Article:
Half of the column is devoted to discussing phrases that are used for social communication rather than for truth value (“to be honest,” which implies that the speaker sometimes isn’t; and “nice shirt” compliment when you don’t mean it). It’s okay stuff, but I myself have written about “to be honest’ in my “words and phrases I detest” feature, and I’d like to think that McWhorter is less fluffy than I.

The rest of his piece improves as it segues into a notice that tomorrow evening he’s holding a virtual event, “Woke Words”, for NYT subscribers. He follows that with a discussion of which words and phrases are verboten and which (in his view) are okay to keep using. An excerpt:

We’ll talk about this sort of quandary [the “to be honest” usage] in “Woke Words,” my New York Times Q. and A. this Thursday, and the conversation will surely get spicier when we go into more societally loaded questions, including some you’ve submitted in advance: One person reports being told that we are no longer to say “brown bag lunch” because the phrase evokes the crude color scale that some elite (and elitist) African American organizations are said to have used, once upon a time, to determine eligibility for membership, with only people lighter in complexion than a brown bag admitted.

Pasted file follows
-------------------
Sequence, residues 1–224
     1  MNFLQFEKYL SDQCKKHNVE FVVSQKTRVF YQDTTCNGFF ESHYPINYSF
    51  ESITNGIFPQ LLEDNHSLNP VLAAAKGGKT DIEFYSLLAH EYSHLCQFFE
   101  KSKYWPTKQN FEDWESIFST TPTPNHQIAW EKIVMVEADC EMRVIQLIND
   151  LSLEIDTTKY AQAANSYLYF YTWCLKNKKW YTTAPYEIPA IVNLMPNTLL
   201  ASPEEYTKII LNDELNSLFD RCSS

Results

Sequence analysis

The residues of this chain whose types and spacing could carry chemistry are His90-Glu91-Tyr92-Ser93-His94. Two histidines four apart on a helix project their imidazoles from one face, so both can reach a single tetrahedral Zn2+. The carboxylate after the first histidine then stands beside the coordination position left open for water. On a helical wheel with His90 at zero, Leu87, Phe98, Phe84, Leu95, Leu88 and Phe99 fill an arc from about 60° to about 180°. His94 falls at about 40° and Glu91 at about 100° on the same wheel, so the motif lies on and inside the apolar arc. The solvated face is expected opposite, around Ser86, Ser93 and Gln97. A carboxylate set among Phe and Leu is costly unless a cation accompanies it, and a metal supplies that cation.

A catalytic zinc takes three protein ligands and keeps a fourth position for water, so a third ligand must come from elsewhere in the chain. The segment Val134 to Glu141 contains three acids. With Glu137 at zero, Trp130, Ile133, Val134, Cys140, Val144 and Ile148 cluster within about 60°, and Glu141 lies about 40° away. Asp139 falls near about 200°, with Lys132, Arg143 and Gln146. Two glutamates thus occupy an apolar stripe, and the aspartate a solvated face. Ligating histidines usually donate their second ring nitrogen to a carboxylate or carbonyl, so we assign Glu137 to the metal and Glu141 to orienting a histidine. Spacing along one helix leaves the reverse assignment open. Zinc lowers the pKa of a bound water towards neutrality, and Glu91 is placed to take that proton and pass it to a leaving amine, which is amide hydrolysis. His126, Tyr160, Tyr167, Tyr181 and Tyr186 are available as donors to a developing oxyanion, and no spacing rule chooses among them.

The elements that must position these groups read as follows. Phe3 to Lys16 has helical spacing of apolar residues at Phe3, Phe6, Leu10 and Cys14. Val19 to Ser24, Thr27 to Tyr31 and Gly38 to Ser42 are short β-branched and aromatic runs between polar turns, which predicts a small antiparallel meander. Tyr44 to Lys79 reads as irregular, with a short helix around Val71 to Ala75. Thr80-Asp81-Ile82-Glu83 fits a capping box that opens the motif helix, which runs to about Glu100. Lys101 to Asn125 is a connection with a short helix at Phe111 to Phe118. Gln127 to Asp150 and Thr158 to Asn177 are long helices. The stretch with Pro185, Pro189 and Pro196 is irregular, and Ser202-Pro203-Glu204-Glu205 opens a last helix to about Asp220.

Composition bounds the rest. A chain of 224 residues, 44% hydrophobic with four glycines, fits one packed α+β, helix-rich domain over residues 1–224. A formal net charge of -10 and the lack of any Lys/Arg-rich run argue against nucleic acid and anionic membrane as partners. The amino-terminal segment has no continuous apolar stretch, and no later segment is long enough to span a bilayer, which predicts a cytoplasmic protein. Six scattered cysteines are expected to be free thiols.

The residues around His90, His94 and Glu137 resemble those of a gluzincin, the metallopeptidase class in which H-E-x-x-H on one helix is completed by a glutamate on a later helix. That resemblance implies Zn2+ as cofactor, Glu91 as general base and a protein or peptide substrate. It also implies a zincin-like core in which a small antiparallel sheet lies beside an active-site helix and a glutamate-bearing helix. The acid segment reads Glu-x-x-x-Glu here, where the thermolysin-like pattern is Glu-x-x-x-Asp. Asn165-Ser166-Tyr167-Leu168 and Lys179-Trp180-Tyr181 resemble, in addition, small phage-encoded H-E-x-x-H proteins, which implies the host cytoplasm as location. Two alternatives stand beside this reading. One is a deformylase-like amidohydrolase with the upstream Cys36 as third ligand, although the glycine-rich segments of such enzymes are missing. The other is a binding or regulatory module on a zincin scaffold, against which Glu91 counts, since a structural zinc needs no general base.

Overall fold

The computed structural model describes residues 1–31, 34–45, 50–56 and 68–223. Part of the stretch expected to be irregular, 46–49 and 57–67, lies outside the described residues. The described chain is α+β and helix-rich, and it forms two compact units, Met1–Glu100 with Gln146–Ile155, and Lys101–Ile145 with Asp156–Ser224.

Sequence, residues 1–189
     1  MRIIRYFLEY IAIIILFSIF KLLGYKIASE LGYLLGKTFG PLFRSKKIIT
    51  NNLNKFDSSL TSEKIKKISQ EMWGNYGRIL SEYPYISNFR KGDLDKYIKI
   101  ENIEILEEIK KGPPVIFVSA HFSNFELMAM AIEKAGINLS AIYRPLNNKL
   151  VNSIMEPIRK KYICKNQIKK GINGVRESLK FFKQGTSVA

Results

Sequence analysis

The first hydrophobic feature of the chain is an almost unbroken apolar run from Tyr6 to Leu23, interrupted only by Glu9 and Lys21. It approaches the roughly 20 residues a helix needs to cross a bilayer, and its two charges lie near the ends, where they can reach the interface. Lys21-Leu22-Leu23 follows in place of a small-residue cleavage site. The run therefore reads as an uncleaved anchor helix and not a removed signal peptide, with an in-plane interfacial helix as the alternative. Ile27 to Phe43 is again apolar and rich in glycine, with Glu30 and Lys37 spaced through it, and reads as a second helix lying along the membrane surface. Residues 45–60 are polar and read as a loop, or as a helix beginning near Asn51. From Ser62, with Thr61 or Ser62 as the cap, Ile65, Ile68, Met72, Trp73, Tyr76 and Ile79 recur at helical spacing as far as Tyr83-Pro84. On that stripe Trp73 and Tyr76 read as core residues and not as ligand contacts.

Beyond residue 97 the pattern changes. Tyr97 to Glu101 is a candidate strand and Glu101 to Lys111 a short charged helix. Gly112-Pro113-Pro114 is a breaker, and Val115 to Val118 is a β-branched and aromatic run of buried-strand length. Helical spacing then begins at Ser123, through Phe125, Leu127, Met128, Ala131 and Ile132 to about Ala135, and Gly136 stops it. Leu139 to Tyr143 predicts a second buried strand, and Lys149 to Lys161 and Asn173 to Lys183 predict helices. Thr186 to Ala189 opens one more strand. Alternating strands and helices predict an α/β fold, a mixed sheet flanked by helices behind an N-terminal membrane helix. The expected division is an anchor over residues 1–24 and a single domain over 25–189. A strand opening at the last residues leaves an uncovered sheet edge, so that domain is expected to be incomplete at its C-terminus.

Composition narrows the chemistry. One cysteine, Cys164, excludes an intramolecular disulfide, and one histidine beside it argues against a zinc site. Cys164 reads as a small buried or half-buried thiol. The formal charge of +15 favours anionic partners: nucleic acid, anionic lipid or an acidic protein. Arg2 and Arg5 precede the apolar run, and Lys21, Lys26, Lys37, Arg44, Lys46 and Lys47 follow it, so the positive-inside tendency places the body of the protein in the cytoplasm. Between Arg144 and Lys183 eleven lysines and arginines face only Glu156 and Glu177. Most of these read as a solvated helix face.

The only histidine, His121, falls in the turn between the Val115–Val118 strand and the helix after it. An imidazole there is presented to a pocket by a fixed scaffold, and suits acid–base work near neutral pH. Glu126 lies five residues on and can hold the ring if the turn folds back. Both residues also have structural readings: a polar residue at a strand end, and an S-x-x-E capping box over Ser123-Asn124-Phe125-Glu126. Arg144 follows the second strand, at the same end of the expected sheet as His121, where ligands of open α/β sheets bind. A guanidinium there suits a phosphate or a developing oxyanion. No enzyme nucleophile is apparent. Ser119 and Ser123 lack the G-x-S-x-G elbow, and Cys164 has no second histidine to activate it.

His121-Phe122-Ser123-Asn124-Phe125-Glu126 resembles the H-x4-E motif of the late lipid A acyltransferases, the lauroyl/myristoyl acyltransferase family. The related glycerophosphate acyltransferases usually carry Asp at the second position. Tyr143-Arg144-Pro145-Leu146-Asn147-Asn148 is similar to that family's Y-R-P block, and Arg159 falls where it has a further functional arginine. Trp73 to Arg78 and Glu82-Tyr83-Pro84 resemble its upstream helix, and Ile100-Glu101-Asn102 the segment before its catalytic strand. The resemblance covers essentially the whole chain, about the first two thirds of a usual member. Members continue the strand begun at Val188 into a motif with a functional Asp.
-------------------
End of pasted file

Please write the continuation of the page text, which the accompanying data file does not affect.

On this one I must admit a certain skepticism (not of intra-Black colorism — that’s quite real) that “brown bag lunch” should be implicated, for the reason of the antiquity. How many people today know what the brown bag test was, and more to the point, need we proscribe words and expressions to symbolically exorcise a practice that no longer exists?

If we do, then by the same logic, we should no longer refer to whipped cream, since enslaved people were whipped, or shucking corn, because the phrase “shucking and jiving” refers to Black people faking glee to placate white people. If those hypotheticals seem to be pushing it, I’m not sure how “brown bag” is different.